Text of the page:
IBM hopes its new entry-level NAS gateway will open up a new market among smaller companies with less-demanding storage performance needs. But resellers suspect it will have a tough time convincing target firms to invest in the technology.
The IBM TotalStorage NAS Gateway 500 is a single-processor hardware and software appliance for accessing remote data over IP networks. It will be sold almost entirely through the channel.
Daniel Sazbon, IBM's EMEA manager for storage networks, claimed the appliance's 30 per cent price reduction would be attractive to SMEs. "They can get a large amount of storage with adequate performance," he said.
But Paul Evans, vice-president of operational support services at reseller Glasshouse Technologies, believes while it might be enough to interest a strong IBM customer with AIX it will be "hard to go in cold". He added: "EMC and Network Appliance have the high-end [NAS market] sewn up."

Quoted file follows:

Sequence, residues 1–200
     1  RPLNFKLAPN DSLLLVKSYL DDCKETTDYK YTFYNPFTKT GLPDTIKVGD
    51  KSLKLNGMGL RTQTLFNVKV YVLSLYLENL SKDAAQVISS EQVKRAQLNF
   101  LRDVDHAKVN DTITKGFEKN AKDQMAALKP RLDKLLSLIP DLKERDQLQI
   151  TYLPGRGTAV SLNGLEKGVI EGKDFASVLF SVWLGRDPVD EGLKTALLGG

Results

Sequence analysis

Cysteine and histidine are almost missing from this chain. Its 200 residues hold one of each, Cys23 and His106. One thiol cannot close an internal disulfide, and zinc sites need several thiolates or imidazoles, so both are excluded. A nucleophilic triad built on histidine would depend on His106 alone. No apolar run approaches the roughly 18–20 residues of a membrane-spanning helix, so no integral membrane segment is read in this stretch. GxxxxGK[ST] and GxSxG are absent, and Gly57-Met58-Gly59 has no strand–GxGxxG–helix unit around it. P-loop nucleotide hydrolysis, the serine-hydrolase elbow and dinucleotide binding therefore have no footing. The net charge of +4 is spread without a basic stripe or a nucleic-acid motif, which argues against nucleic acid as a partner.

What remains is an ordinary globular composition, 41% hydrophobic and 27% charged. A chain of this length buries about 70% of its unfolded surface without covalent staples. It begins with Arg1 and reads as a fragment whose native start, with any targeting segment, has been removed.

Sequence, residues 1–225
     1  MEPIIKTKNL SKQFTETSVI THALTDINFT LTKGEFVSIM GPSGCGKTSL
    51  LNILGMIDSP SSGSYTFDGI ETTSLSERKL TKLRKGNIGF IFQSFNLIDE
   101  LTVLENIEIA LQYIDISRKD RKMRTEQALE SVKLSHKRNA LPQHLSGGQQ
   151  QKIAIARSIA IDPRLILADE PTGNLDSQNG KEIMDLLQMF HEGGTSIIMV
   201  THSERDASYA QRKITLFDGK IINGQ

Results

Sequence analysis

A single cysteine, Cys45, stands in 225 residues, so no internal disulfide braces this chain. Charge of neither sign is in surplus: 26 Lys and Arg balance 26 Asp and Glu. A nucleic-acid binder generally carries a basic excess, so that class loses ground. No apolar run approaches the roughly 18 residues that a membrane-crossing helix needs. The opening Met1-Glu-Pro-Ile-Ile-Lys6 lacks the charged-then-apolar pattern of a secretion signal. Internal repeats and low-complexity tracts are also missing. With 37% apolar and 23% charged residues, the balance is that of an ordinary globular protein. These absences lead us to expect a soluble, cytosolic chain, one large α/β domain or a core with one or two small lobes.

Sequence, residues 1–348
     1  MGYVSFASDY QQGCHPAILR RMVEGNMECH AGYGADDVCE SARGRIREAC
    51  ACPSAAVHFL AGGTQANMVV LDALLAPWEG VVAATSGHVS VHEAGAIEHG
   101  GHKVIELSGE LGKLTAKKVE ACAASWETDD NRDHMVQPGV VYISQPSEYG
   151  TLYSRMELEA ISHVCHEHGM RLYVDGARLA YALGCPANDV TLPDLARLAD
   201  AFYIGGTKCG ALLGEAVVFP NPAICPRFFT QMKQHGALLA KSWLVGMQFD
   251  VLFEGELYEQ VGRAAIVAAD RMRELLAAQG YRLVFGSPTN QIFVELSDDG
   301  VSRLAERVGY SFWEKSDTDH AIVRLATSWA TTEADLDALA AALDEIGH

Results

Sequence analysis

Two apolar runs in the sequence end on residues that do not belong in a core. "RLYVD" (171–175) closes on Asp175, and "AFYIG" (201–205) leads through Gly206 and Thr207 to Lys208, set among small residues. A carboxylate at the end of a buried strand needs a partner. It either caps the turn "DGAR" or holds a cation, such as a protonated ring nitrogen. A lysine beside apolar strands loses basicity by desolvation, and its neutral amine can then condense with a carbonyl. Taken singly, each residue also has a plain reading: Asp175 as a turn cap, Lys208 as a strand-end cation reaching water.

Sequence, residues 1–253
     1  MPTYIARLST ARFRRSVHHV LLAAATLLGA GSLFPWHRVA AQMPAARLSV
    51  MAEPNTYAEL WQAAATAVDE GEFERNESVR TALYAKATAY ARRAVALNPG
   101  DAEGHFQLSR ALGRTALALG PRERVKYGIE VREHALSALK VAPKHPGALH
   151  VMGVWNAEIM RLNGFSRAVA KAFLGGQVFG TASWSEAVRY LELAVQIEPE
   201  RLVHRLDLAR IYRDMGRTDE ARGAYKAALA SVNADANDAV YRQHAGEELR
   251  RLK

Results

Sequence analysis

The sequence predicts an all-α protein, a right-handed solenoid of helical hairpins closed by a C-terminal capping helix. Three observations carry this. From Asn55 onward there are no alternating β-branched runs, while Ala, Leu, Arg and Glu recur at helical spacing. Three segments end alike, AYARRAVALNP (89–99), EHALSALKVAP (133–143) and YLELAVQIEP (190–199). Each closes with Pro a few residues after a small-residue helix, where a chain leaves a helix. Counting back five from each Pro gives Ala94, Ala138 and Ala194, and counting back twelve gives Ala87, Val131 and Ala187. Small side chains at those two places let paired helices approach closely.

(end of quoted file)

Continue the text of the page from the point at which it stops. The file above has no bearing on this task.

Matt Harrison, InTechnology's IBM division strategic business manager, said it could appeal to higher-end SMEs of 500 to 1,000 seats, particularly for the mirroring software included as standard.
"Customers will buy for the scalability. More and more are considering disaster recovery and remote replication. Anything that brings down the cost of a remote site is interesting," he said.
Gateway 500's mirror write consistency (MWC) software writes data to the local disk at the same time as sending it to a remote site. IP networks transfer data asynchronously and assume the data has been sent successfully, but MWC sends an acknowledgement to confirm this.
TotalStorage NAS Gateway 500 upgrades include two, four or eight processors, memory, Ethernet and Fibre Channel adaptors, redundancy through device 'engine' software clustering, and data and operating system mirroring.
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